Into America is a show about being Black in America. These stories explore what it means to hold truth to power and this country to its promises. Told by people who have the most at stake.
Bernard Lafayette first met John Lewis in 1958 when the two men were roommates at American Baptist College in Nashville, Tennessee. They were both from the South, resented segregation, and wanted to do something about it.
They began organizing in Nashville and participated in sit-its and the Freedom Rides across the south. Over the years, Lafayette watched Lewis grow into a national figure, from leading the Student Nonviolent Coordinating Committee and being the youngest speaker at the 1963 March on Washington, to becoming the ‘conscience of Congress’ as a Representative from Georgia.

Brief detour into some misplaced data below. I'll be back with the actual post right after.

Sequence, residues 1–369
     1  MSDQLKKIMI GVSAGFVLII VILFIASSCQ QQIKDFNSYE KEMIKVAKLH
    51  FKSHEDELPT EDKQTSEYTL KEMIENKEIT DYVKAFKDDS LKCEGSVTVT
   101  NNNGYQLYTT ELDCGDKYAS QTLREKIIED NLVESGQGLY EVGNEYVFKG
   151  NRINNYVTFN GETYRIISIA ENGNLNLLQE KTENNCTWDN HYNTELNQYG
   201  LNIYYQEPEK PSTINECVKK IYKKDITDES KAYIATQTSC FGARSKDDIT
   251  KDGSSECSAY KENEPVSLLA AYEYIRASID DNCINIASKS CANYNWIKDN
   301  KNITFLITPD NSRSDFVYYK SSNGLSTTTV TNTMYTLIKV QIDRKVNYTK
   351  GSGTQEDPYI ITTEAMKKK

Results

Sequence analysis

Lafayette worked for the Student Nonviolent Coordinating Committee, the Southern Christian Leadership Conference, and was the National Coordinator for the 1968 Poor People’s Campaign. He later became a scholar. Lafayette and Lewis remained close until Lewis's death on July 17, 2020. He was 80 years old.
On this episode of Into America, Trymaine Lee talks with Dr. Bernard Lafayette about his friendship with John Lewis, the protests of the 1960s, and what his passing means for the nation.
For a transcript, please visit https://www.msnbc.com/intoamerica.